Alicia Bognanno’s solo project Bully is back for another round, dropping its third full-length, SUGAREGG, Aug. 21. The Sub Pop release is hypercharged and relentlessly confident from start to finish. Though it combines plenty of the grit and ferocity of their 2015 debut, Feels Like, with a dose of the prevalent lyrical focus of sophomore effort, Losing, SUGAREGG only nods to the past rather than relies on it for its power.
The singer and guitarist wrote the lyrics and guitar parts before hitting the studio with bassist Zach Dawes and drummer Wesley Mitchell to put the dynamic puzzle together. Bognanno is an engineer, usually applying that skill to Bully recordings. This time, though, she handed that job to John Congleton, whose lengthy resume includes acts such as Modest Mouse, the Roots and St. Vincent. Bognanno exclusively spoke to Alternative Press about the upcoming record below.
SUGAREGG is a powerful record, delivering punches from beginning to end. Its sound is noticeably harder than 2017’s Losing. What fueled this edgier output?
I was at a place [where] I just felt better. When I was writing Losing, I was in a weird spot. Not that I was rusty; I just wasn’t sure, with it being the second record, how much time was appropriate to take in between records to write. With this new one, since I knew I wasn’t going to engineer it, I could hand over those responsibilities and just focus on the songwriting, the music and the creative aspect of it. And I’m very glad I did.
Taking the time to dig into the process in a new way, what were the best parts?
Really having time with the writing process and just sitting down at my computer and trying a million different things and then being able to sit with them. I’d step away for a week and come back and listen to the different clips—I might have seven different lead guitar part ideas for a song—and decide which one I wanted to go with.
That sounds like a pressure-free environment.
It was a lot more comfortable to do it this way and really put my stamp on it and just fully forget that there would be people listening to it. I got to create something I wanted to do, find happiness with it and not have a fear of judgment in the back of my head.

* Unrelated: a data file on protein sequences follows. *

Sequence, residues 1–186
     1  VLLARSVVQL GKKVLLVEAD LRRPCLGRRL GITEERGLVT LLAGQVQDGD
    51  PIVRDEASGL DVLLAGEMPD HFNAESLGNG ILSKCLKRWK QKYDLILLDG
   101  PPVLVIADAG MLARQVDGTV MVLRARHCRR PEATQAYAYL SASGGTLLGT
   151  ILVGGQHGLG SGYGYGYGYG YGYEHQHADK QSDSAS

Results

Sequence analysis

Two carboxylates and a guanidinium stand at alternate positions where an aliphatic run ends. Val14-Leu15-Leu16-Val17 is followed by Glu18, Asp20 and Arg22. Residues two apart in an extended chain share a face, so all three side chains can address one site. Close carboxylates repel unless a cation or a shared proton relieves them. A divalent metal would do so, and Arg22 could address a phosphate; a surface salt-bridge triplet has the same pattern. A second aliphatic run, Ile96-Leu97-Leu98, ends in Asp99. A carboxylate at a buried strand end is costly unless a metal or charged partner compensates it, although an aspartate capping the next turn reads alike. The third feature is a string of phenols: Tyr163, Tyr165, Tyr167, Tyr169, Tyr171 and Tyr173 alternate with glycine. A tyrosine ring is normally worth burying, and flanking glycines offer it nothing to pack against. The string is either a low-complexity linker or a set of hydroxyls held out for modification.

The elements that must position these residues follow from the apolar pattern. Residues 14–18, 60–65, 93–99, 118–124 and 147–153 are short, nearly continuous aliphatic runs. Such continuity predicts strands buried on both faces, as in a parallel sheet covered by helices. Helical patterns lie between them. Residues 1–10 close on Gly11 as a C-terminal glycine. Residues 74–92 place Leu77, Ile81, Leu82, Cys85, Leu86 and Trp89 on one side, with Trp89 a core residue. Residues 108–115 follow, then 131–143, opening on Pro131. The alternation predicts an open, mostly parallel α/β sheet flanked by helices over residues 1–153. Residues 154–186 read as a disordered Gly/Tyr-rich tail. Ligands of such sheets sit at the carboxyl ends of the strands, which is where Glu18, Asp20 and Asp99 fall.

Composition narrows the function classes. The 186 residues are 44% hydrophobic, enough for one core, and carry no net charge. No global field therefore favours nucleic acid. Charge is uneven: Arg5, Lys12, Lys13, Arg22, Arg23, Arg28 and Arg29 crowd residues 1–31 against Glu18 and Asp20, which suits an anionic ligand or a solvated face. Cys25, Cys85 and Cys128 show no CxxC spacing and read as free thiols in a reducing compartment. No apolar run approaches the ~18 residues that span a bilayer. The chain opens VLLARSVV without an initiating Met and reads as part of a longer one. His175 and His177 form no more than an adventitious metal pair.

Because you usually handle the engineering, was it hard to turn over the reins to someone else? Even when that someone else is John Congleton?
I thought it was going to be really hard on me and that it might be a little bit devastating. Honestly, though, when I went in, I didn’t even think twice about it. I was just fully in the zone. And I also realized I hired someone because they’re awesome and talented, and I need to let them do their thing. There’s no point in doing that if I’m going to micromanage it or push my engineering ways on the project. I wanted to go 100% in. But yeah, initially I had a lot of hesitation. The engineer part has been such a big piece of the storyline for Bully, but then I decided, “Fuck it, it’s time for a change.” It worked out. It was the most enjoyable time I’ve ever had tracking a record.
There’s so much power in relinquishing some of that control.
I just explained to him what I wanted, and there were no egos between the two of us. It was all very open and transparent. It was awesome.
You need personal strength to let things go. This Bully record feels like someone writing from a clear perspective, someone who landed on the right side of some hurdles.
So much of it was just me not necessarily having overcome a lot of stuff but definitely taking a lot of leaps that I might not have before. This time I was in a different and better place.
Did you start with any intent regarding an overall message or theme for SUGAREGG?
Not beyond sitting down and taking the time to do what I wanted. I always work song by song, and each of these means separate things. I was just so done with thinking about how it would be received, like, “Fuck that.”
Speaking of how things are received, you get a lot of comparisons to ’90s bands, including Hole and Nirvana. Does that make you feel any kind of way?
[Laughs.] It always makes me roll my eyes so hard. At the same time, though, a lot of my favorite music is from that era. I love the Breeders. I get those Courtney Love comparisons, I guess because I have blond hair and I scream. So you know, there’s some sexism right there.
Why SUGAREGG as the title?
Nothing to do with the music. I was listening to an interview on Radiolab with a guy I assume was in his 40s or 50s. He was talking about how he was given a sugar egg when he was 7 and kept it his whole life until it eventually shattered. Have you seen one?
I have now. It’s a delicate little craft item made with, unsurprisingly, sugar and eggs.
[Laughs.] Yes. I thought it was so sweet that he held onto something so delicate and so fragile for so long. Little trinkets or memorabilia from certain times in your life. At some point you move, and you’re like, “This isn’t coming. This doesn’t need to come.” He kept that as long as he could.
I’m guessing you were probably planning a tour before the coronavirus hit.
We were scheduling things, but luckily nothing was locked in yet.
Have you thought about Bully music beyond SUGAREGG yet?
I’m always writing, but I haven’t had time recently because I’ve been so buried in SUGAREGG stuff, but I have a lot of things in the works.